The film opens four years after a volcano destroyed the Jurassic Park Island where the dinosaurs were first cloned. The dinosaurs now live and hunt alongside humans all over the world. A large biotech corporation, Biosyn, has established a sanctuary for dinosaurs in an isolated valley in the Dolomite Mountains in Italy. Continue reading

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My Review of West Side Story

West Side Story, rated PG-13
*** ½

Sixty years after the original 1961 film, which won 10 Oscars, three-time Oscar winning Director Steven Spielberg (Saving Private Ryan, Schindler’s List), gives us a new version of the musical West Side Story. I never saw the original film, but recognized several songs (“America”, “Tonight”, “Maria”, “I Feel Pretty”), from my parents playing the soundtrack when I was young. The film, which was delayed a year due to COVID-19, is set in the late 1950’s, and shows two rival gangs – the white Jets and the Puerto Rican Sharks – battling for control of the streets in a decaying section of New York City.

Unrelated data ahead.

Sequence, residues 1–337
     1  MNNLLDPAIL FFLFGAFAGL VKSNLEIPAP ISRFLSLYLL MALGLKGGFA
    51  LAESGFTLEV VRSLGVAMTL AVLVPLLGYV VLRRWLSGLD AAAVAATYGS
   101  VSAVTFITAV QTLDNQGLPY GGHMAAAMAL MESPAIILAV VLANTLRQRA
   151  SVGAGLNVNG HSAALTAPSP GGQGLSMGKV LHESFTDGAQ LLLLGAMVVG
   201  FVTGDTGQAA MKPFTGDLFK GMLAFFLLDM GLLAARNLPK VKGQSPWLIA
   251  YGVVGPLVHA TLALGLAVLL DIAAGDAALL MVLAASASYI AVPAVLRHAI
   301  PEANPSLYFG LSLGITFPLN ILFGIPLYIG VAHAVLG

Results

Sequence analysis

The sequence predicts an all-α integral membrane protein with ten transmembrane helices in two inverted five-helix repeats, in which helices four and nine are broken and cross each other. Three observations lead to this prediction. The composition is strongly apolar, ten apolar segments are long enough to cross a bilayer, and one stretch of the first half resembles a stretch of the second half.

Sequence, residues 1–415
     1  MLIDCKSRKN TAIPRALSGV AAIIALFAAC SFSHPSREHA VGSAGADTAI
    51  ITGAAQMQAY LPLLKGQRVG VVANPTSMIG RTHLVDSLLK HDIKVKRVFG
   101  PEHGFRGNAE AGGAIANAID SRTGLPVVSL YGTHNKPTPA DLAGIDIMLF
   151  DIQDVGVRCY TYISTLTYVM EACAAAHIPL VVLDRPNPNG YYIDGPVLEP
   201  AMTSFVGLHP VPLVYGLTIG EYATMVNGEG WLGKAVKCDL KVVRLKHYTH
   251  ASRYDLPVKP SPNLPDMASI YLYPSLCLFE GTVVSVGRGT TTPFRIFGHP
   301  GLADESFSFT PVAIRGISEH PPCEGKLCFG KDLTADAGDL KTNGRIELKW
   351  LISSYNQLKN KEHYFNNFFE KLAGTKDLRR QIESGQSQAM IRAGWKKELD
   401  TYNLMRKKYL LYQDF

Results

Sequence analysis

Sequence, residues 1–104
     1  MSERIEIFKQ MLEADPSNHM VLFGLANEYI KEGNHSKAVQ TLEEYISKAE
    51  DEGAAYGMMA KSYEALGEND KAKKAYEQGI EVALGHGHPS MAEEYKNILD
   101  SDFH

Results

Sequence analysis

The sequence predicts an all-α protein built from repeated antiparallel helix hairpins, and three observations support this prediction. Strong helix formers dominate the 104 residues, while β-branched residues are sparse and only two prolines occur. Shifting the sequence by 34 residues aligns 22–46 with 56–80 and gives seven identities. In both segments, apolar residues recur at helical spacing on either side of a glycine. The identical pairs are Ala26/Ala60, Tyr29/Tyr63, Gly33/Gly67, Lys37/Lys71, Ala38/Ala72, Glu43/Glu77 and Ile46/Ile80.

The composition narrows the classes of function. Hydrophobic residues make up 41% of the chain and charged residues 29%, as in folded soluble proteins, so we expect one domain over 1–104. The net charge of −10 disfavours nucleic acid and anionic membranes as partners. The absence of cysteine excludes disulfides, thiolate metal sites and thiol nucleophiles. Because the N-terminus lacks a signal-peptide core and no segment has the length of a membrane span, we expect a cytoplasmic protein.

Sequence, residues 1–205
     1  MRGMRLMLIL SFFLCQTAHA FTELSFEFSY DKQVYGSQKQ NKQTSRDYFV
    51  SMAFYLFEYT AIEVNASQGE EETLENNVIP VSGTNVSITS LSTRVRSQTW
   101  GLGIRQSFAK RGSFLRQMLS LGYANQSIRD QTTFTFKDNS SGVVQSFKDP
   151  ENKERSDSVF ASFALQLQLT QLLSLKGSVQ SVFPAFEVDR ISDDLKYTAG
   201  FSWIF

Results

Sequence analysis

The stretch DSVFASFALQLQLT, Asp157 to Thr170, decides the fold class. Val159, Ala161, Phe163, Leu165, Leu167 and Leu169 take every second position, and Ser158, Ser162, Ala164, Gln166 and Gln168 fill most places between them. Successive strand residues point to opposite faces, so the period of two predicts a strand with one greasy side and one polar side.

The film was written by two-time Oscar nominee Tony Kushner (Lincoln, Munich), based on the book and 1957 musical by two-time Oscar nominee Arthur Laurents (The Turning Point). The music was composed by Oscar nominee Leonard Bernstein (On the Waterfront), and the lyrics by Stephen Sondheim, who died on November 26. Continue reading

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Ready Player One, rated PG-13
*** ½

Ready Player One, the latest film from Steven Spielberg, is an entertaining science fiction film based on the 2011 novel by Ernest Cline. It is filled with pop culture references (characters, music, etc.) from the 1970’s and 1980’s, action violence and some adult language.